Support, regulation of NBFCs gets major focus in Budget 2020
As the country's NBFC sector struggles with a severe liquidity crisis, the Union Budget 2019-20 came out with several announcements to support and regulate the non-banking financial companies (NBFCs).
Presenting her maiden Union Budget, Finance Minister Nirmala Sitharaman observed that NBFCs are playing an extremely important role in sustaining consumption demand as well as capital formation in the small and medium industrial segment.
In a major relief for the sector, she said that "fundamentally sound" NBFCs should continue to get funding from banks.
"NBFCs that are fundamentally sound should continue to get funding from banks and mutual funds without being unduly risk averse. For purchase of high-rated pooled assets of financially sound NBFCs, amounting to a total of Rs 1 lakh crore during the current financial year, the government will provide one time six months' partial credit guarantee to Public Sector Banks for first loss of up to 10 per cent. Further, the Reserve Bank of India (RBI) is the regulator for NBFCs," she said in her budget speech.
She also said that as the RBI has limited regulatory authority over NBFCs, appropriate proposals for strengthening the central bank's regulation over NBFCs are being placed in the Finance Bill.
"NBFCs which do public placement of debt have to maintain a Debenture Redemption Reserve (DRR) and in addition, a special reserve, as required by the RBI, has also to be maintained. To allow NBFCs to raise funds in public issues, the requirement of creating a DRR, which is currently applicable for only public issues as private placements are exempt, will be done away with," the budget proposal said.
Further, to bring more participants, especially NBFCs, not registered as NBFCs-Factor on the TReDS platform, an amendment in the Factoring Regulation Act, 2011 is necessary, she noted adding that steps will be taken to allow all NBFCs to directly participate on the TReDS platform.
The Finance Minister also said that NBFCs should be given parity with scheduled banks in terms of taxation and proposed tax incentives to certain NBFCs.
"Presently, interest income on bad or doubtful debts made by NBFCs is charged to tax on accrual basis. However, in cases of scheduled banks, public financial institutions, state financial corporations, state industrial investment corporations, cooperative banks and certain public companies like housing finance companies, interest on bad or doubtful debts is charged to tax on receipt basis.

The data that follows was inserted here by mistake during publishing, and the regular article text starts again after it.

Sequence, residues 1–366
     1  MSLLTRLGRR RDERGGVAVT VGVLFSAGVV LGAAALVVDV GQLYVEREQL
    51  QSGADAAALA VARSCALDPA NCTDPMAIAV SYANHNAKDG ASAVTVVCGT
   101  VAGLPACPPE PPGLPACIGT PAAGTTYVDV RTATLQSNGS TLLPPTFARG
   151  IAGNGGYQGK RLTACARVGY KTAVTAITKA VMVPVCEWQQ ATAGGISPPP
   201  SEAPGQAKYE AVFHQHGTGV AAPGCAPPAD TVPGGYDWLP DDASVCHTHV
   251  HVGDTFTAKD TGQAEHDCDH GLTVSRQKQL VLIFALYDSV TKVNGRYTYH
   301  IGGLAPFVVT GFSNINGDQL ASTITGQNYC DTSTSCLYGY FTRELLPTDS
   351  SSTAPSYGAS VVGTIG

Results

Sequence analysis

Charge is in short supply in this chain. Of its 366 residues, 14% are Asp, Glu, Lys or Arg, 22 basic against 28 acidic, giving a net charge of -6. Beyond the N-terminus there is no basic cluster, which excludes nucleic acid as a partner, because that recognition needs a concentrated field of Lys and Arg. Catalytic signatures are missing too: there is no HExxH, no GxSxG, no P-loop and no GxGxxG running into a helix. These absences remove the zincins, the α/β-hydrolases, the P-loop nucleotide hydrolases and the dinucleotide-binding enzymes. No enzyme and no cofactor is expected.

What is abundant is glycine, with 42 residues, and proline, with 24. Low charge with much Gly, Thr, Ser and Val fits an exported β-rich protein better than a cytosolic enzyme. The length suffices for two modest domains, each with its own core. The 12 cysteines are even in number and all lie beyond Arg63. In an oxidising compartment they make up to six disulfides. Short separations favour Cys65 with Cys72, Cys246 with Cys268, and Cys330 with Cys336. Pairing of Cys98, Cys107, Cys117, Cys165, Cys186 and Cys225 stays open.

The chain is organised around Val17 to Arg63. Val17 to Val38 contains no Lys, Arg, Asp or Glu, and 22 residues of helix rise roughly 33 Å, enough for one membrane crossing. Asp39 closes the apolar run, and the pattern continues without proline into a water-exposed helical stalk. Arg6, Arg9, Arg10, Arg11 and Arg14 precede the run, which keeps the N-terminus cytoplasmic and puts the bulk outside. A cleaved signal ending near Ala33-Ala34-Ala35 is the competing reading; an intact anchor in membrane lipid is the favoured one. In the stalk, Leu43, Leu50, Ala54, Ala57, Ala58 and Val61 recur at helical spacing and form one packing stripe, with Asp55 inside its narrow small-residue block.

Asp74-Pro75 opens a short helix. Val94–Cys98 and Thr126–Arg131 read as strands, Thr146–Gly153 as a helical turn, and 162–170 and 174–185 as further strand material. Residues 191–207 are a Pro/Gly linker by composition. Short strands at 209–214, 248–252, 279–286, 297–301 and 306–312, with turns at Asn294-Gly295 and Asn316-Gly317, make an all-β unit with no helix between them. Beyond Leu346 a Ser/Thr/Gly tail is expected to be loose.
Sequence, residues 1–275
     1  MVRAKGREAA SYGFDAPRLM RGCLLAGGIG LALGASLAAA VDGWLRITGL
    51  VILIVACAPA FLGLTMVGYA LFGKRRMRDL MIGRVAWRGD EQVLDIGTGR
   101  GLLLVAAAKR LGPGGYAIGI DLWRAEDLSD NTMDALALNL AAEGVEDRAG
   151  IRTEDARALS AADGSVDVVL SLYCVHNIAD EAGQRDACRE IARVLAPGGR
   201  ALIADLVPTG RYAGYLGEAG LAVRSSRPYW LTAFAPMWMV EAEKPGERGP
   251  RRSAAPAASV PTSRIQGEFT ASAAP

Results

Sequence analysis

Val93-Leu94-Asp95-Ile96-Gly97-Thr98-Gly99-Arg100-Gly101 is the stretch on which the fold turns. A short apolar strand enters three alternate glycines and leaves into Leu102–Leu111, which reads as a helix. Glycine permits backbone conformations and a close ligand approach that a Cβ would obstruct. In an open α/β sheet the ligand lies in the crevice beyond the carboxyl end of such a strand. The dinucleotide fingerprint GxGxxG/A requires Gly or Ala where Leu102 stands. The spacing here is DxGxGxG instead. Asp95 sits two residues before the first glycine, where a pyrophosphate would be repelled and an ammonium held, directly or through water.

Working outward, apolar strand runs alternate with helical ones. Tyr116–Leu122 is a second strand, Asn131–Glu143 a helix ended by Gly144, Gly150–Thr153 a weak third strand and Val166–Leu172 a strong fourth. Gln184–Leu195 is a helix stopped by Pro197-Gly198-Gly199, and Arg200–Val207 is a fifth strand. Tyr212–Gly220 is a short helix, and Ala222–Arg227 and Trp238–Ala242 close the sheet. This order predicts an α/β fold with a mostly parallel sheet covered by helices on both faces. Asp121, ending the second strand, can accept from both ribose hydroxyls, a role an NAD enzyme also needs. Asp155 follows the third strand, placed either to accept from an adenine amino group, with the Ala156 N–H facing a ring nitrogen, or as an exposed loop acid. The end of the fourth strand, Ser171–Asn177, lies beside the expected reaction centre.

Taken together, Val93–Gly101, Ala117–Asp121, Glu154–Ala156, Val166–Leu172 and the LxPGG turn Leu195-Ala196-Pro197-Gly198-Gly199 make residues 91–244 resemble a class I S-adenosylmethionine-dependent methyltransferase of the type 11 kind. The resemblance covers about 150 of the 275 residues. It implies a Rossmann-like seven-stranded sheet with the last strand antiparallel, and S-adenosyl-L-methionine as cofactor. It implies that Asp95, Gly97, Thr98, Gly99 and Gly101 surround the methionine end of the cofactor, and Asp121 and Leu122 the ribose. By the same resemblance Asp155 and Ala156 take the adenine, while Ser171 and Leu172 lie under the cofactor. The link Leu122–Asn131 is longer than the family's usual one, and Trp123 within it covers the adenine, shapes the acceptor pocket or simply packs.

"To provide a level playing field, it is proposed that interest on bad or doubtful debts in the case of deposit-taking NBFC and systemically important non deposit-taking NBFC shall be charged to tax on receipt basis," Sitharaman said.
It is also proposed to provide that deduction of such interest shall be allowed to the payer on actual payment.
Further, in a bid to better regulate and strengthen the hold on housing finance companies, the Finance Minister announced the transfer of the regulatory authority of housing finance companies from the National Housing Bank to the RBI.
Commenting on the steps announced, V. Ravi, Executive Director and Chief Financial Officer of Mahindra Finance, said that improving NBFCs' access to funds from the banking sector would go a long way in rebuilding confidence and some actions like bringing NBFCs on par with banks in respect to tax reforms are well appreciated.
He, however, added: "The NBFC industry would have been glad to see the formation of a re-financing body which would address the liquidity stress created by certain entity specific events that tend to affect the sector as a whole. We believe a first step to that is enhancing the regulatory authority of the Reserve Bank of India over the NBFCs."
George Alexander Muthoot, MD of Muthoot Finance, said: "Nirmala Sitharaman has highlighted the government's thrust to infuse liquidity in the NBFC sector. In line with our expectations, the Debt Redemption Reserve for public issues has been exempted. Also, the credit guarantee provided by the government will further open up the liquidity line for fundamentally sound NBFCs."
The liquidiy crisis in the NBFC sector came to light after the infrastructure lending major IL&FS defaulted on a commercial paper last September. Following the default, the company has gone into an acute crisis and resolution is going in the National Company Law Appellate Tribunal (NCLAT) along with investigations of fraud and misappropriation on its previous management, its auditors and rating agencies.
Several other finance companies have come to the brink of default and have delayed their dues on Non-Convertible Debentures and commercial papers off late, raising major concerns over the financial health of the segment. IANS